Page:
Tuesday, March 26, 2024

Naomi Klein - Doppelganger: A trip into the mirror world

Naomi Klein came to prominence as a journalist and author during the anti-capitalist movement of the early 2000s. Her book No Logo almost becoming a bible for the movement itself! After that she made her mark as an author of explicitly anti-capitalist books about the environmental crisis. Shock Doctrine told the story of how capitalism uses disaster to maximise profits and drive forward neoliberalism. This Changes Everything was one of the first, mainstream, books to link capitalism and the climate crisis. Within this Klein was also an activist, speaking and organising, within movements. 

So it might surprise some to find out that Naomi Klein has a doppelganger, who now holds diametrically opposed beliefs. In 1990, Naomi Wolf published The Beauty Myth, a feminist study of beauty, capitalism and patriarchy. But today Wolf is mostly known for her contrary and right wing positions on everything from guns to coronavirus conspiracies. Formerly a feminist icon of the mainstream media, Wolf is now beloved of the right, including figures like Steve Bannon.

Klein opens by showing how the two Naomi's were commonly mistaken for each other. She gives a number of examples, some humerous and trival, the others deeply concerning and insulting, where she is mistaken for Naomi Wolf. There's much to be said about why this happens and its not just about the same forename - I suggest it is in part because there are so few female spokespersons in the media. But this aside, Klein explores what has happened to her doppleganger to take such a shocking and stunning trajectory. It involves, as the book's subtitle says, a trip to the "mirror world", a place where conspiracy, scapegoating and distorted pictures of reality dominant - and where the real cause of societies' problems - capitalism - is let off the hook.

Klein's books about capitalism, disaster and climate change are frightening. But I actually think that Doppelganger is truely scary and discomforting for leftwing activists to read. Because what it shows is how the failure of the left to relate to wider working class concerns in the United States has opened the door to some very reactionary people and even a figure like Naomi Wolf can become part of that.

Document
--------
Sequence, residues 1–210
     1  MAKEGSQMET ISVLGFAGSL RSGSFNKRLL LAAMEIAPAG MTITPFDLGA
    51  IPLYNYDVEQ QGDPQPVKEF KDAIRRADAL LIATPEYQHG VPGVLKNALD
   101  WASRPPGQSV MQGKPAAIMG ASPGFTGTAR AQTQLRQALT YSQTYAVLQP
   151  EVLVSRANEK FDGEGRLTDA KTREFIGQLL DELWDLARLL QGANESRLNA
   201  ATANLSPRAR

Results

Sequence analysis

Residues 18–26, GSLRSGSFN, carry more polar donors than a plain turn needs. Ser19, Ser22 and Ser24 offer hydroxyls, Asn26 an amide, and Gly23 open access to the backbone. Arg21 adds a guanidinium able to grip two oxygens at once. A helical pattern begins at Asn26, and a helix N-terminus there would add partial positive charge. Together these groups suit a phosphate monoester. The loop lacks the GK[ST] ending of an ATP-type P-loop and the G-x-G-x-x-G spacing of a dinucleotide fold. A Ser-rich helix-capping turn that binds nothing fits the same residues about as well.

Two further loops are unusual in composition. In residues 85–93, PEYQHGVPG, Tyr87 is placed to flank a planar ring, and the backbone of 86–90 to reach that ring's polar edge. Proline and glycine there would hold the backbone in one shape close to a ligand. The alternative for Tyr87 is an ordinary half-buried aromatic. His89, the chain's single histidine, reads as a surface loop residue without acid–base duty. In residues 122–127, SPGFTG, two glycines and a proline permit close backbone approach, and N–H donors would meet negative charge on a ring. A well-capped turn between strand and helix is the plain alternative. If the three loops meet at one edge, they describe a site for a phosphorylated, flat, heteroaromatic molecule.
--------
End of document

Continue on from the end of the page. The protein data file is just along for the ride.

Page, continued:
What is most illuminating is Klein's exploration of right-wing policies, and how she shows they get a hold precisely because they speak to real concerns and are often rooted in real problems. Take the question of vaccine conspiracy:
The words she [Wolf] was saying were essentially fantasy. But emotionally, to the many people now listening to her, they clearly felt true. And the reason they felt true is that we are indeed living through a revolution in surveillance tech, and state and corporate actors have indeed seized outrageous powers to monitor us, often in collaboration and coordination with one another. Moreover, as a culture, we have barely begun to reckon with the transformational nature of this shift.
It is not enough, Klein argues, to mock the right or laugh at the ignorance on display, one has to go further. And this requires building real movements that speak to, and address concerns, while tackling misinformation and errors. The rug must be pulled out from beneath the right. Klein describes the sort of massmovement that is needed, but points out it "does not yet exist", and "it is inside this vacuum that my doppelganger is currently wreaking havoc". Wolf, "not only validates those latent tech fears but also, along with her new partner Steve Bannon, has something progressives lack: a plan for what to do about it, or at least a facsimile of one".